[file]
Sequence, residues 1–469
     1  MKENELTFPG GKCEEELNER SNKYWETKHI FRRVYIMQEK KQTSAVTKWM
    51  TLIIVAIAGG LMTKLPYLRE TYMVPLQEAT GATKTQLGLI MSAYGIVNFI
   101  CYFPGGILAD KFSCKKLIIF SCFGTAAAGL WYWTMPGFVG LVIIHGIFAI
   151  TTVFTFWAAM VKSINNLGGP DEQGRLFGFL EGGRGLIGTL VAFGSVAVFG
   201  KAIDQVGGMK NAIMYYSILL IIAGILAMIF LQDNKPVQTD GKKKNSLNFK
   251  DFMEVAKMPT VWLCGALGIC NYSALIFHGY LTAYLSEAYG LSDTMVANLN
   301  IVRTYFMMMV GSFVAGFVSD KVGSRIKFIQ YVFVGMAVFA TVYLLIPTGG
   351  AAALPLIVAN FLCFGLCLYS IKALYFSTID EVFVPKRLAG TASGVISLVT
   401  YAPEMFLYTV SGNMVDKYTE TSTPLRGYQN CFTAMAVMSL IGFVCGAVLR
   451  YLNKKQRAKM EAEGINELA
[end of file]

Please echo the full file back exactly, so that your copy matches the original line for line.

Sequence, residues 1–469
     1  MKENELTFPG GKCEEELNER SNKYWETKHI FRRVYIMQEK KQTSAVTKWM
    51  TLIIVAIAGG LMTKLPYLRE TYMVPLQEAT GATKTQLGLI MSAYGIVNFI
   101  CYFPGGILAD KFSCKKLIIF SCFGTAAAGL WYWTMPGFVG LVIIHGIFAI
   151  TTVFTFWAAM VKSINNLGGP DEQGRLFGFL EGGRGLIGTL VAFGSVAVFG
   201  KAIDQVGGMK NAIMYYSILL IIAGILAMIF LQDNKPVQTD GKKKNSLNFK
   251  DFMEVAKMPT VWLCGALGIC NYSALIFHGY LTAYLSEAYG LSDTMVANLN
   301  IVRTYFMMMV GSFVAGFVSD KVGSRIKFIQ YVFVGMAVFA TVYLLIPTGG
   351  AAALPLIVAN FLCFGLCLYS IKALYFSTID EVFVPKRLAG TASGVISLVT
   401  YAPEMFLYTV SGNMVDKYTE TSTPLRGYQN CFTAMAVMSL IGFVCGAVLR
   451  YLNKKQRAKM EAEGINELA